It really was. It was a jump from the black-and-white graininess of people sitting in rooms and talking to having a budget, a real crew, we were able to shoot in color with some action sequences and a huge cast. It was the breath of fresh air I needed.
This year is the 25th anniversary of the Chicago Underground Film Festival, and they’re co-sponsoring the screening of Mod Fuck Explosion as a kick-off to this year’s fest, which will look back at the festival’s history. I think it’s a fitting choice, because I associate your films with the sort of movies the festival has always championed, which tend to bring together elements of high and low art.
I love that dialectic between high art and low art. I’ve always had a problem with stuff that’s just resonating on one level, like extreme high-art movies or the totally transgressive underground crap. I always wanted to make movies that fluctuate between these extremes.
Who did you consider to be your audience for Mod Fuck Explosion?
I always wanted to find a really wide audience and not necessarily preach to the converted. Mod Fuck definitely found that wide audience. Everyone to mods to rocker, people in the scene, underground people [watched it], and it sort of crossed over to the really rarified, high-art people. Like, it played at the underground fests, but it also broke out and played some pretty high-end European festivals. It felt like a triumph, especially after Hippy Porn, which was a complete, dismal failure in the United States. It played at pizza parlors and stuff like that here. But it did catch on in Europe and was a weird smash hit in Paris; for a year it played nonstop. It was strange, finding an artsy, weird European audience, but no American audience for the movie. But Mod Fuck turned things around, where there was a European audience as well as an American audience.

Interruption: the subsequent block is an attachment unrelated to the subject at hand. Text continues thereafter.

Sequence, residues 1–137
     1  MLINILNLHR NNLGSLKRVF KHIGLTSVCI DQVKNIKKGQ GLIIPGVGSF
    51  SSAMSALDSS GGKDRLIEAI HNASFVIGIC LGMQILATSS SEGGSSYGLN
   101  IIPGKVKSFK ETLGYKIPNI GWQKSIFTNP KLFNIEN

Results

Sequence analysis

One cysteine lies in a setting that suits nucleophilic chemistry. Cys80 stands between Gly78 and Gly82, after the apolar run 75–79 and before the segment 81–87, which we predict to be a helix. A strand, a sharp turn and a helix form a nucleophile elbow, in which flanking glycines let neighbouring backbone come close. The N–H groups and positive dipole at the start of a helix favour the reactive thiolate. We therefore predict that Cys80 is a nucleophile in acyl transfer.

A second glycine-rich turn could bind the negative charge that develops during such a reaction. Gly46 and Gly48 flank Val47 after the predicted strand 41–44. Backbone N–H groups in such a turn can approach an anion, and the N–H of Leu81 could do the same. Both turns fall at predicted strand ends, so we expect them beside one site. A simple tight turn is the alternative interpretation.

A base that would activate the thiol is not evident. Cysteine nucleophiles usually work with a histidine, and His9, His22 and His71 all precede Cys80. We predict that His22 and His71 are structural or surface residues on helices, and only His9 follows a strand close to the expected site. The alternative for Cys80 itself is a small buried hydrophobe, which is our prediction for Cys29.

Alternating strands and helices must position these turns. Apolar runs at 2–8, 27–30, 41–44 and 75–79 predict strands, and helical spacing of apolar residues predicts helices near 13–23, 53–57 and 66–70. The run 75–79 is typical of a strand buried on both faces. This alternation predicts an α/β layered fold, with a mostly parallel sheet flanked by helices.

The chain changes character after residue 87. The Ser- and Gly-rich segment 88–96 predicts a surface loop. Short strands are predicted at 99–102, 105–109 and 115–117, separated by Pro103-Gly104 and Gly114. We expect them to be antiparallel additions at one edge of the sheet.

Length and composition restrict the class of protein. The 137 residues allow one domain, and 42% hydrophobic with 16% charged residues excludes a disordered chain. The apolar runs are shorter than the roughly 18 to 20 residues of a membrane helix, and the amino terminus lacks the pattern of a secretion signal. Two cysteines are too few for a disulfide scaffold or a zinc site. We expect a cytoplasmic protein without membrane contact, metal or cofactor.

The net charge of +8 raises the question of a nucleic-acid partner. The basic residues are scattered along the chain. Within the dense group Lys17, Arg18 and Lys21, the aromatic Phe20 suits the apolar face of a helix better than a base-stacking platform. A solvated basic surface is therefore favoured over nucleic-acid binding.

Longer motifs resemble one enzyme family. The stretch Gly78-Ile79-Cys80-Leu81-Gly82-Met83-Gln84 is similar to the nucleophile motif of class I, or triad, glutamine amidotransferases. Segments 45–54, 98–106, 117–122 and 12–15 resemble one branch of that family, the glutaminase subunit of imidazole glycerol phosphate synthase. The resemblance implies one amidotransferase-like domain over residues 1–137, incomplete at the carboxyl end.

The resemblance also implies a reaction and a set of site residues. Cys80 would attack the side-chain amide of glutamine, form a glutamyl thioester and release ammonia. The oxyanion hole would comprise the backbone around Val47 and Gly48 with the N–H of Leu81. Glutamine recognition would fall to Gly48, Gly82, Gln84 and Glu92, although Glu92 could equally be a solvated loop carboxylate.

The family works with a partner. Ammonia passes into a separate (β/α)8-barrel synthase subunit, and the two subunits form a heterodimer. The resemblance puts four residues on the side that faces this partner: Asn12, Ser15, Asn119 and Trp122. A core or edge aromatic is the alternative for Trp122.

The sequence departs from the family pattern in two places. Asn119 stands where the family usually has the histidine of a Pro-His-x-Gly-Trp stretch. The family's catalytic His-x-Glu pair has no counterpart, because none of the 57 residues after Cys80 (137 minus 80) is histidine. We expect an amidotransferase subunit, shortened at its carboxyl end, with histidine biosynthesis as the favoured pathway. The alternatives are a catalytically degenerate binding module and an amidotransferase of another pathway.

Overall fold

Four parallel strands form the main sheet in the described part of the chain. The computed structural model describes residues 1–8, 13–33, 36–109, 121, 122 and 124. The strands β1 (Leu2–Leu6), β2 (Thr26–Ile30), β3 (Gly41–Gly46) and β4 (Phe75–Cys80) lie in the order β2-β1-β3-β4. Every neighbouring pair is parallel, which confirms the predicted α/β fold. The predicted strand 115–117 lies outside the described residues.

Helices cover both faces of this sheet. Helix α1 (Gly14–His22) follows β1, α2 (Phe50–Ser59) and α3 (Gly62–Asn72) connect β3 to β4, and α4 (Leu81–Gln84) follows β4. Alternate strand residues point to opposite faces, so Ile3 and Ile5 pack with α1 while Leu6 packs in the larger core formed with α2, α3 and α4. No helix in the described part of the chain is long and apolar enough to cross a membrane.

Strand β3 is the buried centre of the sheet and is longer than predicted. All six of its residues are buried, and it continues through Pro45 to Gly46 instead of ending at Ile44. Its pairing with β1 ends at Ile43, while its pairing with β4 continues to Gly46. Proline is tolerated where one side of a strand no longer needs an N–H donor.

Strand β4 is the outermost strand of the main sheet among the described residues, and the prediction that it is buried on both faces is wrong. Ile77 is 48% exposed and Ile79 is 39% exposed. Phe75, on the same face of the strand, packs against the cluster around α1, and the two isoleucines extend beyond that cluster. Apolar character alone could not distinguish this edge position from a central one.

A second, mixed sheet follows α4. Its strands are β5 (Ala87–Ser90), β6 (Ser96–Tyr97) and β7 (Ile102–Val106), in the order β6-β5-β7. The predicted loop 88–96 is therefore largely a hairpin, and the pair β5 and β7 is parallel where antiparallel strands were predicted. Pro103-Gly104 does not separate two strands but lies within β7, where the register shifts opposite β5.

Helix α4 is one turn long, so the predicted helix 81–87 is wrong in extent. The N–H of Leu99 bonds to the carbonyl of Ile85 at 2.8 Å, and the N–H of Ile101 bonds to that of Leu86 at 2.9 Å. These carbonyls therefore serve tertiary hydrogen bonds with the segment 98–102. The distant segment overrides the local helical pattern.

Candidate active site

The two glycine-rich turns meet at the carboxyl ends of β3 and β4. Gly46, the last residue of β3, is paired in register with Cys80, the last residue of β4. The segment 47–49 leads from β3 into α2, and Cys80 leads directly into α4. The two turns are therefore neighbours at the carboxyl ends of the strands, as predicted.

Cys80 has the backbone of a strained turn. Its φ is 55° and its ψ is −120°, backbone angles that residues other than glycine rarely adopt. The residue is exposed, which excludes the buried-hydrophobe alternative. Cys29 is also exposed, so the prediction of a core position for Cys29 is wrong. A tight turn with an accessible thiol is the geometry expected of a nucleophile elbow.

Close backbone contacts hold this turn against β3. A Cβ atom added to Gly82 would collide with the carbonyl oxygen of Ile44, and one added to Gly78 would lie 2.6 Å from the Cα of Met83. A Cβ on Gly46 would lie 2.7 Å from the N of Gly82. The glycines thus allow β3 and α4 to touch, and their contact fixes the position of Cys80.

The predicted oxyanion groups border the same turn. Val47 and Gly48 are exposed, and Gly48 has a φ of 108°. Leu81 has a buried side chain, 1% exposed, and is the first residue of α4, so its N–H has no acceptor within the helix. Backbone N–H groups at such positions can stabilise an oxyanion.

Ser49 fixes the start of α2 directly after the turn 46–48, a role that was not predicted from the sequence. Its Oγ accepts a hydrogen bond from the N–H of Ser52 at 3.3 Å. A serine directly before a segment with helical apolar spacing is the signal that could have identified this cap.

J.R. Jones writes of Mod Fuck Explosion, “the film was ahead of the curve in smashing through decades of Asian stereotypes.” Was this one of your aims in making the movie or did it come about incidentally?
It was a really important part of the movie. I made Mod Fuck around the same time that I did Terminal USA, which was like my big-budget, dysfunctional Asian family [movie]; I did that for PBS. In Mod Fuck, it wasn’t the main theme—the Asian-American thing—but it was sort of a subtext, and I definitely wanted to make fun of representations of Asians on the screen. Like, I play Kazumi, the leader of a biker gang, and all of my dialogue was post-dubbed, out of sync, totally crazy, in reference to the badly dubbed kung-fu movies I grew up with. I wanted it to be really funny and sarcastic, but at the same time, something that we’d never seen before.
Did you find yourself being pigeonholed as an Asian-American filmmaker as a result of dealing with these themes?
Absolutely. When I started out in filmmaking in the late 80s, the two worlds that I was getting support from were the underground scene and the Asian-American scene, like Asian-American film festivals. There was one programmer in New York who really helped me by programming my crazy movies in an Asian-American film fest. And what I found was that my movies completely offended Asian-Americans. I wasn’t expecting that. Even when Terminal USA came out—which is about a dysfunctional Asian-American family and breaks down all these stereotypes, deals with racism and all these issues—I really thought the Asian-American community would consider me as the new, yellow Spike Lee and I’d become champion of the cause. But the opposite thing happened. A lot of Asian-American activists slammed me. They said, “You can’t do this; we’re a dignified people. You’re making us look foolish. Why don’t you make a documentary about your family and your ancestors working in the sugar cane fields?” Stuff like that. It was quite a shock that the Asian-American community was sort of ashamed by movies and just wanted to push me aside.
And yet Terminal USA is probably your most distinguished film. You made it with the support of PBS.
I really liked the way it turned out, but it was such a strange experience. It wasn’t until the middle of production when some of the executives finally read the script, and they were trying to stop the production.